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Baker's Dozen

A Cinema Baker's Dozen: Jon Savage's Favourite Teenage Films
Mat Colegate , March 20th, 2014 11:33

With his new film Teenage released earlier this year, Jon Savage picks the top thirteen films that capture the spirit of adolescence

The subject of the teenager is one the journalist and critic Jon Savage, this month's Baker's Dozen interviewee, is uniquely qualified to comment upon. From his early days documenting the then dominant punk movement in the late seventies for the NME, Sounds and later Melody Maker, through his influential writings on pop culture for The Face and various broadsheets and his definitive history of the Sex Pistols and punk rock in his book England's Dreaming, youthful rebellion in all its myriad mutations and guises has been the underlying subject of nearly all his writing and criticism. His latest project, the film Teenage, based on his book Teenage: The Creation Of Youth Culture and directed by Matt Wolf, takes a little seen perspective however, beginning with the ending of World War One and carrying on through to the start of the fifties, using archive footage of subjects as disparate as twenties flappers and the German Wandervogel, and asking what the cultural forces were that shaped our image of the teenager as we know it today. Bringing to light the prehistory of a seismic cultural force in a way never previously examined.

The film is the culmination of a 34 year odyssey for Savage, who was first approached about a similar project by Granada TV in the late seventies, a project that was later canned. However, says Savage: "I realised that there was a pre-history to what everybody thought of as the story of the teenager, which was that it began in '54 with James Dean and Elvis Presley, so I started to read back. That's where the project began: with me finding a copy of this wonderful book by the American psychologist G. Stanley Hall, called Adolescence, which was published in 1904. I started thinking that this story really began in the late 19th/early 20th century with key works like The Wizard of Oz and Peter Pan. A lot of the early youth movements were very regimented, such as the Boy Scouts and later the Hitler Youth. But if youth is going to be regarded as something special then the more alert and spirited kids are going to think, 'Well what does this mean for us? If we're the future then lets do something about it, let's experiment.' What I see in a lot of youth cultures is a sort of questing spirit, to try out new things. To imagine what the future could be."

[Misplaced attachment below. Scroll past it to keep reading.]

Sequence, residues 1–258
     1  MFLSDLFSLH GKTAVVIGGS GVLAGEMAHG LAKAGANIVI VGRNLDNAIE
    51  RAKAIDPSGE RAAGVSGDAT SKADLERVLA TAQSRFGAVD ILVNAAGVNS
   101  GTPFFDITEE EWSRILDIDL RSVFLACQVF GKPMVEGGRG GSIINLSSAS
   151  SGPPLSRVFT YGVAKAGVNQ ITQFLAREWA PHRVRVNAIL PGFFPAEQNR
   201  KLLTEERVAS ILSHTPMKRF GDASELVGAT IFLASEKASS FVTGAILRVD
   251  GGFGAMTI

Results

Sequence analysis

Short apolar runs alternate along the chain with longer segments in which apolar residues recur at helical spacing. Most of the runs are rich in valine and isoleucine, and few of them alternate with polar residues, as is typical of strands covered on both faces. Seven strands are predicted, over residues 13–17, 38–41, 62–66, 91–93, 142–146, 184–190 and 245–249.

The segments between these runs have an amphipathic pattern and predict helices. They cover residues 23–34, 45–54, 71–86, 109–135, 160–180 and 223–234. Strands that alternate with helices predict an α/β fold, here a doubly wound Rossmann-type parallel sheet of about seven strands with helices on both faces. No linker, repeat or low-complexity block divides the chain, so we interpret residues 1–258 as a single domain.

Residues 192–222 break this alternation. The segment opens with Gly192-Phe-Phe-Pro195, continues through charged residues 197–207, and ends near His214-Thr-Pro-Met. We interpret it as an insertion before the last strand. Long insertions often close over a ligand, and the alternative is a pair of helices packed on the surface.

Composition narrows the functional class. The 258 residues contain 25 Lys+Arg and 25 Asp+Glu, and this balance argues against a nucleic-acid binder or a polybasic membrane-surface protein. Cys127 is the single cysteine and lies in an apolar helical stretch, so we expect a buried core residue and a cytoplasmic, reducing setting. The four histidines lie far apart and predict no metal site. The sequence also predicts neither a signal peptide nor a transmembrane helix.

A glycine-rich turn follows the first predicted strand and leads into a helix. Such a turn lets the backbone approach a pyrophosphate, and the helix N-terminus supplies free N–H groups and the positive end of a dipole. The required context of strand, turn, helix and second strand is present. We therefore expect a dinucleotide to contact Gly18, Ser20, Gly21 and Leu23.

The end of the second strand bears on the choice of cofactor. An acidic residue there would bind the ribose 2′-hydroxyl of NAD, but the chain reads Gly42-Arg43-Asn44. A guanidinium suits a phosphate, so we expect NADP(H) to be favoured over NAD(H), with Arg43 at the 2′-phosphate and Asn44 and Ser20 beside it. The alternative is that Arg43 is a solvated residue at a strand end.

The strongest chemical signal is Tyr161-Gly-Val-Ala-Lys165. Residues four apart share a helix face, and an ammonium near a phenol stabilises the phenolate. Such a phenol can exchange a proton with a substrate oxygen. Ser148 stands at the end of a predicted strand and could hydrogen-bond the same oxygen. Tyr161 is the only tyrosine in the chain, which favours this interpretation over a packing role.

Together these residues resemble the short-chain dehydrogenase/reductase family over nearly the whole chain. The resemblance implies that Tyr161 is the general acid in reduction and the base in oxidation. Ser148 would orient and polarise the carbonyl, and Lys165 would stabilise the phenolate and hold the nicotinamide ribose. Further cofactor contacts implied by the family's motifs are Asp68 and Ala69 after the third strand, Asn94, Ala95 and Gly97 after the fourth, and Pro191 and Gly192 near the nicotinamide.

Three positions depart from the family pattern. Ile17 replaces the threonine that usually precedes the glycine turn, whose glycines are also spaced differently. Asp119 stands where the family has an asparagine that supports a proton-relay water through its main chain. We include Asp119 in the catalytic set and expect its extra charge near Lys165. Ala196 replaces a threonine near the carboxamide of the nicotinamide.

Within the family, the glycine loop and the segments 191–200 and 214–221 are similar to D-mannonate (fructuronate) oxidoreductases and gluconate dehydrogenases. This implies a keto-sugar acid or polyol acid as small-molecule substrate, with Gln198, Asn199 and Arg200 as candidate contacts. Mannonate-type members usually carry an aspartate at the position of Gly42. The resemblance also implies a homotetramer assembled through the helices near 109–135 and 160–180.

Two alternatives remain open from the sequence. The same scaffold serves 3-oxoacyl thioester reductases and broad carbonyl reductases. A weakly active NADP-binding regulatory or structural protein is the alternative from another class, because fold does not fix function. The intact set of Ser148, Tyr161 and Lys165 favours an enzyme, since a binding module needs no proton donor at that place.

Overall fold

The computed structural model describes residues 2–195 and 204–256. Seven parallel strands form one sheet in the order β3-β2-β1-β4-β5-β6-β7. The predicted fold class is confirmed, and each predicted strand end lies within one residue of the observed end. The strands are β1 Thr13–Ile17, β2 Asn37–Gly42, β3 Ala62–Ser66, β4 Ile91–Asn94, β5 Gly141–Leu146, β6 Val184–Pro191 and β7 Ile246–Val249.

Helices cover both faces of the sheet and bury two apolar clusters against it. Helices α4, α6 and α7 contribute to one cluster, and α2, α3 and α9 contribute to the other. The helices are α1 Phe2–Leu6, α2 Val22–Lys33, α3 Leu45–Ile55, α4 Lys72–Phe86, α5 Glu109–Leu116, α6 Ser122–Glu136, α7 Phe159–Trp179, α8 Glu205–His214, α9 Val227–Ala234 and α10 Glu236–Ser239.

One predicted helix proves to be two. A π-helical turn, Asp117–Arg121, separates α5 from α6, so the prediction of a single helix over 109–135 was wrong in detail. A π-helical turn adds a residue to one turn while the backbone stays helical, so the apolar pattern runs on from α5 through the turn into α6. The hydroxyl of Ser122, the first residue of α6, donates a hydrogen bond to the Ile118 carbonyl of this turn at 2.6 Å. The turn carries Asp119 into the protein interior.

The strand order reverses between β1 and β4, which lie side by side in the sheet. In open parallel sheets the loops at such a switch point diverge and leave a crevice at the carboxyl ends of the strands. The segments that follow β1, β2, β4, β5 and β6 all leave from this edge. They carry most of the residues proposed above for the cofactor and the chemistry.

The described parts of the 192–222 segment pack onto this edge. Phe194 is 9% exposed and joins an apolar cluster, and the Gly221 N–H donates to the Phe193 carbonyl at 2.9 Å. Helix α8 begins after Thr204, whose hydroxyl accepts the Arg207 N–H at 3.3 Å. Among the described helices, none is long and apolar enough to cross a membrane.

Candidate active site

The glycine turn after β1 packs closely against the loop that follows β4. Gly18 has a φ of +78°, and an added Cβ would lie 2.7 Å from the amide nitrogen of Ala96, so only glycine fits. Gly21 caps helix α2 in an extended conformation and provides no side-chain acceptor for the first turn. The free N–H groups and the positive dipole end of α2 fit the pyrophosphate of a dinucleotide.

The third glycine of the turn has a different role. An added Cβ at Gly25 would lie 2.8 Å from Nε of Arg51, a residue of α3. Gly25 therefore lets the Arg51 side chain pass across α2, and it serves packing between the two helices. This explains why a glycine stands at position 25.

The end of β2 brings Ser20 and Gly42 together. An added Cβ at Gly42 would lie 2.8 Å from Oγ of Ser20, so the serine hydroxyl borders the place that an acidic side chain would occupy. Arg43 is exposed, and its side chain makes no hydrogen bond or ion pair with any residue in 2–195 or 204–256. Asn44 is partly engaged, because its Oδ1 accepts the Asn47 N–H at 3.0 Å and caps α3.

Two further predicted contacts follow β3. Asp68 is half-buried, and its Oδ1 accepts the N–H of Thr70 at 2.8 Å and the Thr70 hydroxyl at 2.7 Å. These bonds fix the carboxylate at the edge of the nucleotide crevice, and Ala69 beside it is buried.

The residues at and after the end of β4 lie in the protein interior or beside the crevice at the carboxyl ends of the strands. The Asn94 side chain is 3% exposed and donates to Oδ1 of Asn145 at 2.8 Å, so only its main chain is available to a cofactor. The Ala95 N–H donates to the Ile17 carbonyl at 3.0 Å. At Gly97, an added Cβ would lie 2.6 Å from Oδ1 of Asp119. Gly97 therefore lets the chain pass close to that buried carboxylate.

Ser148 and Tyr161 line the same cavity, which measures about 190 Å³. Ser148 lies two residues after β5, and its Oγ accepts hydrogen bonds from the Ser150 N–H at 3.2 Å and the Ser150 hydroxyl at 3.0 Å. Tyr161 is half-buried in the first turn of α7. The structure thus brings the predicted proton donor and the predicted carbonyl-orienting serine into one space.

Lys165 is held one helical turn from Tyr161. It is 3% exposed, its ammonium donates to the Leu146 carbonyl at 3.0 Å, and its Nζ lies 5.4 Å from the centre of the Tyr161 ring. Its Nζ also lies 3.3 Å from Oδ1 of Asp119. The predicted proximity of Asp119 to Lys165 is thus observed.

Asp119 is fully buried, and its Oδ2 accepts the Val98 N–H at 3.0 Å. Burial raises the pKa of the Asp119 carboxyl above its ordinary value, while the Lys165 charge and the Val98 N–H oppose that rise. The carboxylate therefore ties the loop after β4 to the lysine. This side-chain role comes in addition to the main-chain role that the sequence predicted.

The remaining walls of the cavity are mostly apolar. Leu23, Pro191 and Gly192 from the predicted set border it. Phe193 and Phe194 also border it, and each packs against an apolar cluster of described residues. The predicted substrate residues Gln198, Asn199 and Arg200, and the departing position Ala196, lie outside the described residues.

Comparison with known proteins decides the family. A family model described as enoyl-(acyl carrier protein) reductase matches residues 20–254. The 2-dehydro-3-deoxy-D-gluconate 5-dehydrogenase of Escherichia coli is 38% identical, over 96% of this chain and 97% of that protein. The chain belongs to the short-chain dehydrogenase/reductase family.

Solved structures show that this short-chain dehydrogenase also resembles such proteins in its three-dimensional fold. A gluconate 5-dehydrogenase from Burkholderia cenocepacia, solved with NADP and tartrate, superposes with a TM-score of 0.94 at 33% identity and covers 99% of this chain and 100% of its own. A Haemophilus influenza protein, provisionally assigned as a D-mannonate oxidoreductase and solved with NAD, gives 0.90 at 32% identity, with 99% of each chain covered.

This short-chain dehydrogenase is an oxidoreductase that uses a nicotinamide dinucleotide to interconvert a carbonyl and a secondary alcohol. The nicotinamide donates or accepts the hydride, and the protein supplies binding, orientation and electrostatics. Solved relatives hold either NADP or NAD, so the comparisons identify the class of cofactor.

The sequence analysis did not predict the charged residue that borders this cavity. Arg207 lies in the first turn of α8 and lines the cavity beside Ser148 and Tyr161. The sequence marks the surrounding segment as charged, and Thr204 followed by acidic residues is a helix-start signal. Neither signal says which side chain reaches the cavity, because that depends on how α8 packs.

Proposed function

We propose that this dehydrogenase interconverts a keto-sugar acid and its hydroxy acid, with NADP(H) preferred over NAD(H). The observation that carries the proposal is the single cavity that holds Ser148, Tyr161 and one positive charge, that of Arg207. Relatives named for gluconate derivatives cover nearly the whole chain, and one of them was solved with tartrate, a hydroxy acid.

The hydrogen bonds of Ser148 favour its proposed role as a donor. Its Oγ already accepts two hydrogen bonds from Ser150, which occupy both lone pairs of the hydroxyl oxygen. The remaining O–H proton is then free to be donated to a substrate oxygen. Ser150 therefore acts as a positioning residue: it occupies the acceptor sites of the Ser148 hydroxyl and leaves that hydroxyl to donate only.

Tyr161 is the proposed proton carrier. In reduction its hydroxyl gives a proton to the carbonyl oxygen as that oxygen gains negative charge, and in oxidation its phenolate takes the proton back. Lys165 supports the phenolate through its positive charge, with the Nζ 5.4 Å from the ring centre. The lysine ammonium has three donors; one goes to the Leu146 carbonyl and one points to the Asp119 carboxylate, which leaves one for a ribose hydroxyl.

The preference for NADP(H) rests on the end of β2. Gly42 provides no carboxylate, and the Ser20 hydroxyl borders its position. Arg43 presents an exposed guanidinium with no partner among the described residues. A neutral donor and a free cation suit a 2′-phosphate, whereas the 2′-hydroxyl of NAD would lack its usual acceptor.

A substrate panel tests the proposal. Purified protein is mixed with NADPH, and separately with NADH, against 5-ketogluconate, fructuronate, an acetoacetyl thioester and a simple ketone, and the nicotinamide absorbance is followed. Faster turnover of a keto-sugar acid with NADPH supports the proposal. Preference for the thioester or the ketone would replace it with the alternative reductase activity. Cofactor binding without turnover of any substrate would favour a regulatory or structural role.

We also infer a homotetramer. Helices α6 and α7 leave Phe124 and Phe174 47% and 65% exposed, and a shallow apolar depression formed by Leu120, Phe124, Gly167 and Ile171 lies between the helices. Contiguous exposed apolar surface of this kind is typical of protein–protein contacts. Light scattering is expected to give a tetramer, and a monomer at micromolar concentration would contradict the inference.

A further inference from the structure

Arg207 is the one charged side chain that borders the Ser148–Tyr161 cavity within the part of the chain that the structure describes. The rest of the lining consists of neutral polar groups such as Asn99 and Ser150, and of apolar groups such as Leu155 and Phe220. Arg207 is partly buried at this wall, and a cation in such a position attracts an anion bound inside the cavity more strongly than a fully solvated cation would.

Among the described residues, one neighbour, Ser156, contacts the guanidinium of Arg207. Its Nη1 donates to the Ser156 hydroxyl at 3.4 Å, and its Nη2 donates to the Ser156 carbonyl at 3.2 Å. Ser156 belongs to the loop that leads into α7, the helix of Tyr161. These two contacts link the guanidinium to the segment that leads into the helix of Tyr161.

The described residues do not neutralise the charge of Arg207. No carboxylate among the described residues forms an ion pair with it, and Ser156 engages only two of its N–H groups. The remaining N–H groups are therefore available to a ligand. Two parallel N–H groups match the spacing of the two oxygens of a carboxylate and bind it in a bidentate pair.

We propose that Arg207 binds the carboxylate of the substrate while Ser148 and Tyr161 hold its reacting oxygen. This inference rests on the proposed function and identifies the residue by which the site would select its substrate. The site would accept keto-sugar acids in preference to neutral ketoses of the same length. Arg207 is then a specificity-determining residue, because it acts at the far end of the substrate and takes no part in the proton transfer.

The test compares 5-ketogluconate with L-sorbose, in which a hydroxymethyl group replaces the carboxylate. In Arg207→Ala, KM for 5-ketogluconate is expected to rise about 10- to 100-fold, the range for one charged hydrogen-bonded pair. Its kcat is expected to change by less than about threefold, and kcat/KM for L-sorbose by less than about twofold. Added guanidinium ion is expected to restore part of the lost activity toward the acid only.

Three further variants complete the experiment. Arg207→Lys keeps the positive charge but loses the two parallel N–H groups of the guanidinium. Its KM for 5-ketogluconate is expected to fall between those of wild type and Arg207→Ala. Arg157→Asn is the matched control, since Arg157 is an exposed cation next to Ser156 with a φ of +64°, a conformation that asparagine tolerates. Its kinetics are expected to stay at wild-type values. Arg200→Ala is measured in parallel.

That questing spirit is represented in the choice of films below. Savage was asked to pick thirteen films that he thought best represented the spirit of the teenager captured on celluloid. His choices were as vibrant, contradictory and challenging as youth itself.

Click on the image below to begin scrolling through Jon's choices